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Schools may need to add days
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Area students are likely to face an extended school year thanks to cold and snow, unless new legislation under consideration by the Wisconsin State Senate Education Committee and State Assembly Committee on Education is approved and voted into law before the current legislative session ends in March.

The North Crawford, Seneca and Boscobel School Districts have used their available snow days. North Crawford is now short by three days of the 180 days required by state law. Seneca and Boscobel are each short by one day.

Each of the school’s board of supervisors will need to decide if they add days to the school year or if they cut time from the Easter break.

“Right now, I’m not suggesting we shorten the Easter break,” said North Crawford School District Administrator Dan Davies. “The kids need the break in April. They’re going stir crazy by then.”

North Crawford cancelled school five times due to the extreme cold, twice for snow, and once to allow students to attend the state volleyball championships in Madison.

If the board opts to extend the end of the school year and no additional cancellations are required, North Crawford students can expect the last day of school to fall on June 11.

Boscobel will probably extend their final day from June 3 to June 4.

In the event of additional cancellations, Seneca School District Superintendent Dave Boland said “We may add minutes or days, but that will be the board’s decision.”

Boland said that staff will be included in the conversation, since whatever the board chooses, it must not only satisfy the state requirements, but must also take into account the teaching contracts.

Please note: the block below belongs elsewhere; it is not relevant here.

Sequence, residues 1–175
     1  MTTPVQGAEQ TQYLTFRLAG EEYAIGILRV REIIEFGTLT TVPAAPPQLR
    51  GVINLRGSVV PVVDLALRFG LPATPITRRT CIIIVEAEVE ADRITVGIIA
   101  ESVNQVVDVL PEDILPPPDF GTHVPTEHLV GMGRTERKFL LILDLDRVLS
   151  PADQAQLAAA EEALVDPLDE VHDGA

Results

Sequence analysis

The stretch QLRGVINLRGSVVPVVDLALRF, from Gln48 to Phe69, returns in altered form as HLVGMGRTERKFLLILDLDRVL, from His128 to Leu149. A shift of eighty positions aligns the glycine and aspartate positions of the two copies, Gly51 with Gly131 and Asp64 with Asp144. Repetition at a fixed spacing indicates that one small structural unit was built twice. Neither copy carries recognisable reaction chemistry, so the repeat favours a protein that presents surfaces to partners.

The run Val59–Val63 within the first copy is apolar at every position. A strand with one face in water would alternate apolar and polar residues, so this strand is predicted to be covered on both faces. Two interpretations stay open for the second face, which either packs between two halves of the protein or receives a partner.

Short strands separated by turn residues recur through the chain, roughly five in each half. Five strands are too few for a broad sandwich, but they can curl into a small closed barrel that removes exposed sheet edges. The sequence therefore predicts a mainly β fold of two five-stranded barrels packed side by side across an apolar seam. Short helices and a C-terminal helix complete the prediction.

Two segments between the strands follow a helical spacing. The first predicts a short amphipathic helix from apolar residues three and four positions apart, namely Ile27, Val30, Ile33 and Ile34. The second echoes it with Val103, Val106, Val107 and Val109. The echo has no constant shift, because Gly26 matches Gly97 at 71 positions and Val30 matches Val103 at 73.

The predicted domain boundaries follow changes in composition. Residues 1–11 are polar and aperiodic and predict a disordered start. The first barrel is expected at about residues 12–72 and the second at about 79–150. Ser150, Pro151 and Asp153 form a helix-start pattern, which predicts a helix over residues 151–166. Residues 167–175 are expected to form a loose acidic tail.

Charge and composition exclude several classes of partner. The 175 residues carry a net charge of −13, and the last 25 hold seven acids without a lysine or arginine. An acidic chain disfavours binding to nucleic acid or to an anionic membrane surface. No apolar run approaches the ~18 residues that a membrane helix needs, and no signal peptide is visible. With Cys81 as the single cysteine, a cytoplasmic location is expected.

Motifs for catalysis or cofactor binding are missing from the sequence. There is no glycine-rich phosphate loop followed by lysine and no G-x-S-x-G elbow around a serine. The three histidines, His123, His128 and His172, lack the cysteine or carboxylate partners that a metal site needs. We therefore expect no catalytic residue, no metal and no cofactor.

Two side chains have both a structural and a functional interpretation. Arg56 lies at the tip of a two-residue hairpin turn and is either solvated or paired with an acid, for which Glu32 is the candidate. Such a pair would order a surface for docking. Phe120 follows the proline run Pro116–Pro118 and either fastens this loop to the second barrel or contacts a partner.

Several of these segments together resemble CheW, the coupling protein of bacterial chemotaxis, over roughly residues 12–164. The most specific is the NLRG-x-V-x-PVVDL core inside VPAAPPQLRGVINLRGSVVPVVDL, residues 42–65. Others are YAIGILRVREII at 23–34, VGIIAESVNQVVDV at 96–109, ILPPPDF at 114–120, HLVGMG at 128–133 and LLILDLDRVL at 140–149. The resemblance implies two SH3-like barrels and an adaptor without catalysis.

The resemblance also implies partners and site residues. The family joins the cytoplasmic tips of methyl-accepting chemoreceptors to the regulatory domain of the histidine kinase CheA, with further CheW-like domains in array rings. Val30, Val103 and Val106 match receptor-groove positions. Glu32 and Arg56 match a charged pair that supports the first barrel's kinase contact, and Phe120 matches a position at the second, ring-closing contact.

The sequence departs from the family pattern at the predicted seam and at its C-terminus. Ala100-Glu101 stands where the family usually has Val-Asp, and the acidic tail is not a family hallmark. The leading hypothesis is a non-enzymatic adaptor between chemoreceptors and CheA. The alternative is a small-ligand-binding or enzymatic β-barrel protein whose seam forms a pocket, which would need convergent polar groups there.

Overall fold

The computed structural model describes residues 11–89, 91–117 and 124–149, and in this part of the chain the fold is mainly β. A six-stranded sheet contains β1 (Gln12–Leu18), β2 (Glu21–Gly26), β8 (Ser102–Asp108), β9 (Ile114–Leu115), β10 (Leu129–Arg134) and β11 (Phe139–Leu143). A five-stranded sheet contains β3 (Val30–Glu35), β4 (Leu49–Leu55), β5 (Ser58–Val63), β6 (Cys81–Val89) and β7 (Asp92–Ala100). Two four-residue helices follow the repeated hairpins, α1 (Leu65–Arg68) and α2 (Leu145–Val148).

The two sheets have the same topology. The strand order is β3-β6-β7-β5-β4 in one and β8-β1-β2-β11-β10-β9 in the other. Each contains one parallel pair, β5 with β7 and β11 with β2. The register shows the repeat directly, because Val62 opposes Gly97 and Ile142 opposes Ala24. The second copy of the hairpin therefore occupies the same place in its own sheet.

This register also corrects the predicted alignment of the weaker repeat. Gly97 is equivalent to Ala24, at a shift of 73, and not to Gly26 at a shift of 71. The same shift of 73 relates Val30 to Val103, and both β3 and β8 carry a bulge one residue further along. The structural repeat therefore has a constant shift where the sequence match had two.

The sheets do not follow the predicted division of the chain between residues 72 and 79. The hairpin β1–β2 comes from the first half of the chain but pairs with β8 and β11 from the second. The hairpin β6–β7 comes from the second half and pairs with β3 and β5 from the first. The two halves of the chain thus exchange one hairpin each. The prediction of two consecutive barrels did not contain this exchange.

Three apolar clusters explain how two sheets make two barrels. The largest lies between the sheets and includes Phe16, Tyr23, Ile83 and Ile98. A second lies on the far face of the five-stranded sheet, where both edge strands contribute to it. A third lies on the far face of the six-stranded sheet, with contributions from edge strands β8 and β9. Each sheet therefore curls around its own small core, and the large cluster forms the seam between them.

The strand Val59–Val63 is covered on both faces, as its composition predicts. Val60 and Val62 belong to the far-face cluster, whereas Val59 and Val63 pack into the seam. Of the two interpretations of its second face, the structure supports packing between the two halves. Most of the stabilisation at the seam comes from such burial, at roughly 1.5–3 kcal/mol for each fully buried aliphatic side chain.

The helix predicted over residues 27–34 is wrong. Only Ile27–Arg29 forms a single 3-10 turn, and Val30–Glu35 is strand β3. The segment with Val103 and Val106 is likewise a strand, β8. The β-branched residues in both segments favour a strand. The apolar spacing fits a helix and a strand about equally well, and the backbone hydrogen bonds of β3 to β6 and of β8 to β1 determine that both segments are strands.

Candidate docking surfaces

“We have sufficient hours of learning committed at the elementary and secondary levels, yet for further cancellations, we will have to add a day, likely in June, to the school schedule in order to compensate for each additional canceled day,” said Tom Woznicki, the Boscobel School District Superintendent.

Schools have to meet state requirements both in terms of days and in terms of hours spent in direct instruction.

These can produce varied results when a school loses a day. Prior to Monday’s snowstorm, while North Crawford was short by two days, they were only short two hours of their instructional requirement.

Wisconsin enacted the law stipulating both the number of days of school and the number of hours of direct instruction in 2009. Schools must schedule 180 days in the school year. Hours requirements are 437 hours of instruction in half-day kindergarten, 1,050 hours of instruction in grades K (full day) through 6, and 1,137 hours of instruction in grades 7 through 12.

Of the 180 scheduled days, five may be used for parent-teacher conferences and/or inclement weather.

Failure to comply with both requirements can result in withholding of state aid to school districts.

One exception that can occur to the day rule is if the governor cancels school. Minnesota’s Governor Mark Dayton did exactly that during the cold snap that also prompted area superintendents to cancel school, making the cancellation an “act of God’.

Governor Scott Walker did not make a similar call, so schools that have fallen behind on day or hour requirements must make them up.

The legislation currently under consideration by the Wisconsin State Senate Education Committee would eliminate the day requirements, but keep in place the hours requirements. SB 589 would also allow state aid for "interim sessions" and online courses scheduled during the summer by districts with year-round school calendars. It’s Assembly companion bill, AB749, is under consideration by the Wisconsin State Assembly Committee on Education, with a vote expected as early as Feb. 18.

If the bill is passed, the elimination of the 180-day requirement would be effective when Governor Scott Walker signs it, according to DPI spokesperson John Johnson. Other measures in the bill would take effect for the 2014-'15 school year.

“There is no law requiring schools to close due to cold, as far as I know,” said Stan Turben, North Crawford’s Transportation Director.

Turben used wind chill recommendations to make the call to cancel school. He noted 32 to 35 below zero wind chill can result in frostbite in about 10 to 15 minutes.

The worry isn’t about the kids being cold on the busses, according to Turben. The concern is exposure while waiting for the bus or while at school.

“We have four heaters on our big busses,” Turben said. “It used to just be two. I’ve had kids removing clothes because they were too warm. And I have kids that wear shorts year round.”